For example, Atypical's driving premise is that Sam wants a girlfriend, but Rashid and her writers have a hard time articulating why, and largely fail to put his mission in a larger cultural context. Is he motivated by sexual urges, or a deeper need for normalcy? Given that Sam's a computer whiz, surely he knows how to access porn. For that matter, he should be more aware of online discussion groups for people on the spectrum.
These real-world considerations are either ignored or downplayed, so that Sam's quixotic quest can be played more for laughs or pathos — whether he's wearing noise-canceling headphones on a date in a crowded coffee shop, or he's sneaking into his therapist's house in the middle of the night to declare his affection for her. Sam researches topics like "flirting," but unlike his obsessive fact-gathering on arctic animals (his favorite topic), he never progresses in what he learns about romance beyond basic, easily misinterpreted instructions like "smile more."
Granted, I have to admit that Sam's grimacing, toothy attempt at a welcoming grin resembles my son's whenever someone asks him to smile for a picture. And there are other similarities too: like the way Sam is unselfconsciously honest about his likes and dislikes, and the way he tosses out little "Did You Know?" factoids on penguins. (For Archer it would be "Fun Fact!"s on math, video games, or international air travel.)
It's also admirable whenever Atypical tries to take viewers inside Sam's experience of the world — like when he decides to start dressing more "cool" and then gets distracted by the noise his new leather jacket makes. The show features sporadic narration from Sam, and those are generally the moments when it presents him most as a complicated person and not a collection of textbook ASD tendencies.
Yet even in those more nuanced portrayals of Sam, I wondered: Where is his sense of humor? Why does he rarely seem to take any actual joy in his hobbies? Does it really make sense that he'd be so isolated from his classmates and even his teachers, given that many of them would've watched him grow up (not to mention their having encountered other individuals with autism both in popular culture and in real life)?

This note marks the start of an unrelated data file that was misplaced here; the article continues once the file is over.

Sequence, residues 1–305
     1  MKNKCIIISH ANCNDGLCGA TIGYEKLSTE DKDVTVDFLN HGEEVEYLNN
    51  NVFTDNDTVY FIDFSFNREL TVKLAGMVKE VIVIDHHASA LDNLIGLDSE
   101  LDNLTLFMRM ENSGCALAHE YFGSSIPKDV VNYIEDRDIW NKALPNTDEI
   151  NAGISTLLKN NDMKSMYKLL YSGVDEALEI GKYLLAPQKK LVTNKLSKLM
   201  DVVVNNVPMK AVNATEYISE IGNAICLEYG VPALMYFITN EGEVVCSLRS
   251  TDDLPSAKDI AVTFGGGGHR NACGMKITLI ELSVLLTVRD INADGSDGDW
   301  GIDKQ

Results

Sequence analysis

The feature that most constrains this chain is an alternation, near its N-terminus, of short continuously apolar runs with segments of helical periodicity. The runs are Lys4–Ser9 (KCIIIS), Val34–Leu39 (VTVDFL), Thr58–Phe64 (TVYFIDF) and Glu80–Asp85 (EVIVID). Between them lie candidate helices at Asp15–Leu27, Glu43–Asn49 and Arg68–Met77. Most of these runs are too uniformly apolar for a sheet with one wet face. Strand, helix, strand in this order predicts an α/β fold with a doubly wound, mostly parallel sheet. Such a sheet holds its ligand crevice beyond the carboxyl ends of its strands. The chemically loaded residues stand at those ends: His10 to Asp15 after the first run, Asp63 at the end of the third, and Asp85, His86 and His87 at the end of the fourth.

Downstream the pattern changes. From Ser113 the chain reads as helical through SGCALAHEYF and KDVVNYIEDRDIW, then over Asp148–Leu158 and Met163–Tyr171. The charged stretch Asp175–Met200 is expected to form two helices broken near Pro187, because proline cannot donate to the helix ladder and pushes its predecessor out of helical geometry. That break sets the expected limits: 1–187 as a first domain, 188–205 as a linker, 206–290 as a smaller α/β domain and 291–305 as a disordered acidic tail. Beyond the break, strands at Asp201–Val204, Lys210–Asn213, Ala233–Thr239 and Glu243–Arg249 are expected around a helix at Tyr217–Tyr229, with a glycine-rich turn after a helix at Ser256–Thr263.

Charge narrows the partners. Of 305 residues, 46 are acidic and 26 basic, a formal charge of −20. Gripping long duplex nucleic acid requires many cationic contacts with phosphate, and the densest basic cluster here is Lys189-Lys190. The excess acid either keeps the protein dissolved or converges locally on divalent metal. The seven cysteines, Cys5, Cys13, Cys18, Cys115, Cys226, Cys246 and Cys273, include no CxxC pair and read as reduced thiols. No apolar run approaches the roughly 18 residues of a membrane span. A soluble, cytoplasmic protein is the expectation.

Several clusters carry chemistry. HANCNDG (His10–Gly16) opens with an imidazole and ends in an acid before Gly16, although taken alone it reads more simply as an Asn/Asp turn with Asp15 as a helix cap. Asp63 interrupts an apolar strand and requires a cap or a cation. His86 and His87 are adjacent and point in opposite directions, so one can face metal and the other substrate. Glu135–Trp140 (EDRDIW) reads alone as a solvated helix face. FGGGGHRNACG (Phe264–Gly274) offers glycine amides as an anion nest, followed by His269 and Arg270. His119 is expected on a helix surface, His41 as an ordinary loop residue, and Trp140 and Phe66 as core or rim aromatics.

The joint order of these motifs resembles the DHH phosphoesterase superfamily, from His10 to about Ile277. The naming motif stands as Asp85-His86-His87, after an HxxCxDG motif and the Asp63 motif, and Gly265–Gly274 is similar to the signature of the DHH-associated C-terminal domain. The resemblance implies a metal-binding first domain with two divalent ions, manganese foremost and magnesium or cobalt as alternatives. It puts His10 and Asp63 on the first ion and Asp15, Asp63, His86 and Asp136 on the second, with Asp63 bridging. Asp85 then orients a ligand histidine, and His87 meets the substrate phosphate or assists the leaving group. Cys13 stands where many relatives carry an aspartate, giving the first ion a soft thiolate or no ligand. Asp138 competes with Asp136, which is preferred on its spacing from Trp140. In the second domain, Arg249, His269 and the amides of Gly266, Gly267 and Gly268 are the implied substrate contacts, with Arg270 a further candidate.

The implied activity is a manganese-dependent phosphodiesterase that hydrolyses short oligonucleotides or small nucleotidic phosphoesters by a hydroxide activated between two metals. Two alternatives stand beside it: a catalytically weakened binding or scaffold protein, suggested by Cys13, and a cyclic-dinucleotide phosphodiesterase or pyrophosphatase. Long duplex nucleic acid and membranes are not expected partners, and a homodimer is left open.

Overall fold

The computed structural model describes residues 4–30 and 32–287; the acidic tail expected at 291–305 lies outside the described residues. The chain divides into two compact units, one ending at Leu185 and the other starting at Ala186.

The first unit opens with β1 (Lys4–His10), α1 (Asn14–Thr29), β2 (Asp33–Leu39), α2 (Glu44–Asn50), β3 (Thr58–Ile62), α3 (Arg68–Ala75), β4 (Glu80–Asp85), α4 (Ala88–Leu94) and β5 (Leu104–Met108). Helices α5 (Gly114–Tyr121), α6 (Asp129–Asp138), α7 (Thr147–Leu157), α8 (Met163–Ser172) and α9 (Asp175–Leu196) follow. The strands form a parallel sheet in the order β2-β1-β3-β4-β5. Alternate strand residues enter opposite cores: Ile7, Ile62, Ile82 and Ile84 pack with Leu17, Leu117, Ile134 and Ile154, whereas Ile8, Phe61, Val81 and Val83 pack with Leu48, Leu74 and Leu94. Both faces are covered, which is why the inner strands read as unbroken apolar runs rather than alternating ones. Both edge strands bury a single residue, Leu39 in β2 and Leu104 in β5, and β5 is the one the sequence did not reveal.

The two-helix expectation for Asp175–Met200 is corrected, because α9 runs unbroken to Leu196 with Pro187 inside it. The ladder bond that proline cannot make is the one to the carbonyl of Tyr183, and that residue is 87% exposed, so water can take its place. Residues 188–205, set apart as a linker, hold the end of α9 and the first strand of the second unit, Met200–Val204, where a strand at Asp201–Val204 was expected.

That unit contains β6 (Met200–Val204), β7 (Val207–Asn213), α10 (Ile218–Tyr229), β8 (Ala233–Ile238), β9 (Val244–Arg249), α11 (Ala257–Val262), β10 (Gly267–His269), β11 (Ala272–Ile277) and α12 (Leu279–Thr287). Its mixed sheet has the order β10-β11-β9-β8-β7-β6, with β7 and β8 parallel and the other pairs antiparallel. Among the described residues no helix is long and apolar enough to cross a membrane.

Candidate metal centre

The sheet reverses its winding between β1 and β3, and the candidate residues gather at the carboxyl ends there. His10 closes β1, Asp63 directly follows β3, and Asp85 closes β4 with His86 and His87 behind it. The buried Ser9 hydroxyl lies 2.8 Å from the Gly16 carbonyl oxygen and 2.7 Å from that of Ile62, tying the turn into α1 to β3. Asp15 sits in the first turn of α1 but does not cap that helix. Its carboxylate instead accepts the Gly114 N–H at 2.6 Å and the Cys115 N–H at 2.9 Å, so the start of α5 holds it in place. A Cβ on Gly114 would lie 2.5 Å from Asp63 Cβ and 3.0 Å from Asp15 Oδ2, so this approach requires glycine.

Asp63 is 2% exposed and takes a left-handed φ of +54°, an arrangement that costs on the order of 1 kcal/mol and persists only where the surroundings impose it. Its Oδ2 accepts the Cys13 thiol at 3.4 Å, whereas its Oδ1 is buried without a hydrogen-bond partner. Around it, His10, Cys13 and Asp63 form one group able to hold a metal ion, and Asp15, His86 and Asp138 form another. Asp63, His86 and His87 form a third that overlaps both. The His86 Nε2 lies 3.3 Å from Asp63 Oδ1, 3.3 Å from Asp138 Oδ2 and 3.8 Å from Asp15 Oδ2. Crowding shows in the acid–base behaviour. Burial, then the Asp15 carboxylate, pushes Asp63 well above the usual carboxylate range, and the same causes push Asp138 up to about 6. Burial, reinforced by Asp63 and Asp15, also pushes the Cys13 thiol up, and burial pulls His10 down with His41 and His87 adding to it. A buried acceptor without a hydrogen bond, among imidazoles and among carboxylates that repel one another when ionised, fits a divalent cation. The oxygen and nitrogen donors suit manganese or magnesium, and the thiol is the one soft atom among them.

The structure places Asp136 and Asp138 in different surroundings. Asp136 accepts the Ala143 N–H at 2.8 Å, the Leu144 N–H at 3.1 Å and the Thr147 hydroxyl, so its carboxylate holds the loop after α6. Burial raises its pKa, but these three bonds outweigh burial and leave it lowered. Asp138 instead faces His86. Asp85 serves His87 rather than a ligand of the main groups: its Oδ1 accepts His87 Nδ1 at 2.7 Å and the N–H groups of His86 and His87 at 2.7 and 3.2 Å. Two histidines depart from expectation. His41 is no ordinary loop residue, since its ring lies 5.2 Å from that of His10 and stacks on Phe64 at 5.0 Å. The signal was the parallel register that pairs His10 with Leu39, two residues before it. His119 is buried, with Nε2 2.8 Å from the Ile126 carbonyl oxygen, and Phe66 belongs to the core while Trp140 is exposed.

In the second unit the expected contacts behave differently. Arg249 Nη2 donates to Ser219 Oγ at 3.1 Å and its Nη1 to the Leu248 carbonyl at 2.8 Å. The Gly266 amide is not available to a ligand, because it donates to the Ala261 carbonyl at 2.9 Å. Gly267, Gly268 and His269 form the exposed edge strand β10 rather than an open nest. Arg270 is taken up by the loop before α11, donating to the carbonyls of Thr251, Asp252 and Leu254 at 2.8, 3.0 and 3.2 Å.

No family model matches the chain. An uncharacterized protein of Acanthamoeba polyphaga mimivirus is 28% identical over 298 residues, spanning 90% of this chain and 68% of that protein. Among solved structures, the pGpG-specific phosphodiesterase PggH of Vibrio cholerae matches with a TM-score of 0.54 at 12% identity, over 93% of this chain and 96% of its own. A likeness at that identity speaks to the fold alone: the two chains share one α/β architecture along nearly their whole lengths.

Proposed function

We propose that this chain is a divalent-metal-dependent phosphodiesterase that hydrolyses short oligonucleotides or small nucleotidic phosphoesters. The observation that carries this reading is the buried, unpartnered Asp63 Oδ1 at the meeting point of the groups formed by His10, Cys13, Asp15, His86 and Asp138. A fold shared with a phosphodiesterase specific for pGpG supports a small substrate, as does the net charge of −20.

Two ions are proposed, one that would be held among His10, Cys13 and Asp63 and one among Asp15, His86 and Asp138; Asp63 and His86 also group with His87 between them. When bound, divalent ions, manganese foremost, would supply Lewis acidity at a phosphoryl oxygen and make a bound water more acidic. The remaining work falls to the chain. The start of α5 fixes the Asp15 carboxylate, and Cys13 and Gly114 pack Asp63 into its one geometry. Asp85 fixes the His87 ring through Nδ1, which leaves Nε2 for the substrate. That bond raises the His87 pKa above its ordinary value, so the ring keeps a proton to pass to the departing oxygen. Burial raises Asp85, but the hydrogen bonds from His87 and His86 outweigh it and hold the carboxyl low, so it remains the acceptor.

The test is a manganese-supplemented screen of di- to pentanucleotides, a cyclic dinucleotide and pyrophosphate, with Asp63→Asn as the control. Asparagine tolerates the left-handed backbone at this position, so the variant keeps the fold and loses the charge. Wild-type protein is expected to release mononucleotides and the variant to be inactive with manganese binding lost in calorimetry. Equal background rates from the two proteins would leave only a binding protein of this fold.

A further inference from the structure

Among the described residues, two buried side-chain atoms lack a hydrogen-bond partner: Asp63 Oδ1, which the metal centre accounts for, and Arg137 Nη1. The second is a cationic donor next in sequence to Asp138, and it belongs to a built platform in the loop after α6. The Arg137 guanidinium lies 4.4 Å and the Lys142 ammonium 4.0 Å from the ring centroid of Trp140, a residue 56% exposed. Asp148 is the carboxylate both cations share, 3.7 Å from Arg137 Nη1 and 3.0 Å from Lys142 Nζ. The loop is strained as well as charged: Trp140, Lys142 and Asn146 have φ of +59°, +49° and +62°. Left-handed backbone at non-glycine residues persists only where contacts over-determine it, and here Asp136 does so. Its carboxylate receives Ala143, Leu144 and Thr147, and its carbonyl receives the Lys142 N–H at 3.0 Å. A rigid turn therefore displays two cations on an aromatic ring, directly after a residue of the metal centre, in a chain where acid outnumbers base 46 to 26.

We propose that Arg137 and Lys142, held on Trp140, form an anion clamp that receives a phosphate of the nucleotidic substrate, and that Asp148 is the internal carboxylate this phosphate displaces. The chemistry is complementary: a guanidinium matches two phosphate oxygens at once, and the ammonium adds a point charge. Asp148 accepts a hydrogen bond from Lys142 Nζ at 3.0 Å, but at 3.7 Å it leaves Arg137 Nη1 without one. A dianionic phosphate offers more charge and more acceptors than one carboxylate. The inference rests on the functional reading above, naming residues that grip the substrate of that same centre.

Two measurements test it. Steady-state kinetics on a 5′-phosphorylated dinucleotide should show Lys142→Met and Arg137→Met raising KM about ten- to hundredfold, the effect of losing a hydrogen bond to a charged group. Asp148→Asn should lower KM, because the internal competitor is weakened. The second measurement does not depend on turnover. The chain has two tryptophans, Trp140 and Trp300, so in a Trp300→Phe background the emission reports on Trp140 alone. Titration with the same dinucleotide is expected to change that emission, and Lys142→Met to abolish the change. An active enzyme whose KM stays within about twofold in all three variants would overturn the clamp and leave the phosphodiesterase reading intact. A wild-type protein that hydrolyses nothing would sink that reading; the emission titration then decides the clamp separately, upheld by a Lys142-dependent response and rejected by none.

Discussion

Again, my interpretation of Atypical's version of autism is affected by what I've seen. I'm aware that my son's lively personality, strong support-system, and persistent challenges can't really be generalized beyond himself. It's also unfair to storytellers to scrutinize everything from the perspective of the "expert." For the most part, audiences for movies about space travel aren't astronauts, and folks who watch TV series about emergency rooms aren't doctors.
Still, I can't deny that to me, Sam always felt "written," not lived. Atypical reminded me of one of ABC's recent sitcoms about social misfits — like Speechless, or The Real O'Neals — except that it doesn't compensate for its broader strokes with funny jokes.
That's why I wish the show focused more on the parents. Rapaport and Leigh give very natural, at times heartbreaking performances. Atypical is at its best when it digs into how Elsa hesitates to let Sam try new things, because she's been conditioned to expect the worst whenever her son's dropped into something new — and has decided long ago that it's easier just to cut off any potential trouble before it starts.
That's not just true, it's painfully true. I'm betting even parents of neurotypical children have experienced something similar. In a well-told story, the specific can open up to become more universal, if those specifics are unique, personal, and carefully chosen. Too often, Atypical defaults to the typical.